The construction industry faces a challenge when it comes to scissor lifts, a common piece of construction equipment that elevates workers to high areas. Across the industry in 2018, 20 fatalities in the U.S. and 68 fatalities globally occurred during improper scissor lift use and included electrocution, entrapment, overturns, struck by objects, hit by vehicles and falls. One issue that leads to such fatalities is the inability to access narrow spaces above ceilings when working on a scissor lift platform. This particular issue leads to construction workers making unsafe choices like standing on mid-rails and makeshift stools or climbing pipes and beams. While some manufacturers offer extension decks that attach to their scissor lifts, they only add two feet of working height, which oftentimes is insufficient.
Innovation and VDC Engineer Evan Reilly, a 2016 Duke alumnus, heard about an interesting opportunity at a Duke University alumni event where course directors presented on inventions engineering students had created as part of the First-Year Design program at Duke’s Pratt School of Engineering. The engineering school was interested in partnering with companies so students could solve real-world problems. Evan shared the opportunity with Spencer Hasenkopf, an environmental, health and safety coordinator, and me. We quickly realized this was a perfect opportunity for a different perspective outside the industry—perhaps these students could develop a creative solution that would advance construction safety.
Evan, Spencer and I pitched our challenge to the first-year engineering students: we required a portable, easy to install attachment that provides an additional four to seven feet of vertical working height within a 2-foot by 2-foot access area. The design had to meet both Occupational Safety and Health Administration (OSHA) and American National Standards Institute (ANSI) standards and provide independent fall protection anchors without any additional tie-off points to surrounding obstructions.
The students went through an extensive, semester-long process to devise a smart solution. They constructed multiple prototypes, learning from each as they perfected the design. Our team stayed in contact with the students throughout the process, often attending work sessions during and after their classes. We arranged for a private tour at a local Sunbelt equipment rentals showroom where Jeff Stachowiak, director of safety training and member of the ANSI A92/Scaffold and Access Industry Association, spoke to the students about OSHA and ANSI regulations and demonstrated the latest scissor lift products. Our team also invited them to Skanska’s New Engineering Building project at Duke to give them a better perspective on what we do and the challenges we face. Most importantly, we shared with them how critical working safely is and how Skanska strives to build a work environment free of incident and injury.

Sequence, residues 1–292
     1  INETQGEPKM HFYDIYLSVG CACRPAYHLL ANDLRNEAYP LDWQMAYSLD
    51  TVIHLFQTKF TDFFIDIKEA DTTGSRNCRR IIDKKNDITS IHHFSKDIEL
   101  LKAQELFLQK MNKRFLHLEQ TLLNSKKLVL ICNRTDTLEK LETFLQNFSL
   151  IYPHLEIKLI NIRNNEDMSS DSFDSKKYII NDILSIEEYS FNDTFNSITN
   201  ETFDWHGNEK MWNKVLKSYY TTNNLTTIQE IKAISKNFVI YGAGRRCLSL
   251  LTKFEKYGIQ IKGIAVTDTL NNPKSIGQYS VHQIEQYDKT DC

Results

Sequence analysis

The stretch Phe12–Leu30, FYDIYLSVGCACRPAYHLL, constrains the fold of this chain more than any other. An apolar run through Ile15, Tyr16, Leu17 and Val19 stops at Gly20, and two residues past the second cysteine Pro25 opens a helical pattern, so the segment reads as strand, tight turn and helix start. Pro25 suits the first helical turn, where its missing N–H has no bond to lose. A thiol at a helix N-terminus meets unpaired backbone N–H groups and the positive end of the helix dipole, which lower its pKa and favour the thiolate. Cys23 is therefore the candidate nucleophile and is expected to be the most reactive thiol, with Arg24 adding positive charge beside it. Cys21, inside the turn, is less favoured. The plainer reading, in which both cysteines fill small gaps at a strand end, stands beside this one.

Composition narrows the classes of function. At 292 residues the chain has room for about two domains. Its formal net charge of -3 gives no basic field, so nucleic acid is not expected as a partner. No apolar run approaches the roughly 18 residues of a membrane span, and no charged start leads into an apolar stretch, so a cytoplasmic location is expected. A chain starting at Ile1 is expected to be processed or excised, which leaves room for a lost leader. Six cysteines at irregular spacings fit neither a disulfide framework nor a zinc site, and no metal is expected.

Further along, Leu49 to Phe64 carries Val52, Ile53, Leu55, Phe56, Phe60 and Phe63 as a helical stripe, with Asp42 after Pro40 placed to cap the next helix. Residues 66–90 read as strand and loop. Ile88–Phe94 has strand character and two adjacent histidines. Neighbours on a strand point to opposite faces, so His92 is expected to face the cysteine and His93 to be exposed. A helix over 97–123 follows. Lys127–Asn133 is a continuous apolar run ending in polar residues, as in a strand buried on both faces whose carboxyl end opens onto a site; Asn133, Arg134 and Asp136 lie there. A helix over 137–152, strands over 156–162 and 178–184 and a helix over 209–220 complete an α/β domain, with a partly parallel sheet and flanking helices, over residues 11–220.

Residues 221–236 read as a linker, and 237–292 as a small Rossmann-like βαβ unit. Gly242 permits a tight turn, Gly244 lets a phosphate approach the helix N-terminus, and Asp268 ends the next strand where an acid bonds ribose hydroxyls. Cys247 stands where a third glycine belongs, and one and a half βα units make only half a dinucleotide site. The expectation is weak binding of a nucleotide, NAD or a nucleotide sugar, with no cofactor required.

In December, the students presented their final prototype to our team and their professors and classmates. They describe their solution as a “mini-lift on a scissor lift.” Designed to rest on top of a scissor lift, it features an elevated platform with guardrails and toe boards, which is lifted by a hydraulic jack mounted on a base that slides and locks in place. This mini-lift can provide workers an additional—and safe—four feet of vertical working height. My team and I are truly proud of the effort the students put forth, even going so far as to read through all 150 pages of ANSI standards as well as the OSHA 1926.451 standards, which cover scaffolding and scissor lifts, before working on their prototype to ensure it was built to meet safety regulations.
The students are interested in continuing their work to improve certain aspects, such as including electronics and remote controls. They then hope to build a final version that can be patented. I truly believe we have a product that can change the industry.
This project was a unique and beneficial experience for our team: we guided first-year engineering students as they creatively solved a major challenge in our industry. We were happy to support a long-term partner and, it’s my hope, inspire future engineers to consider a career in construction. I look forward to supporting Duke University students as they solve more construction-related challenges in the near future.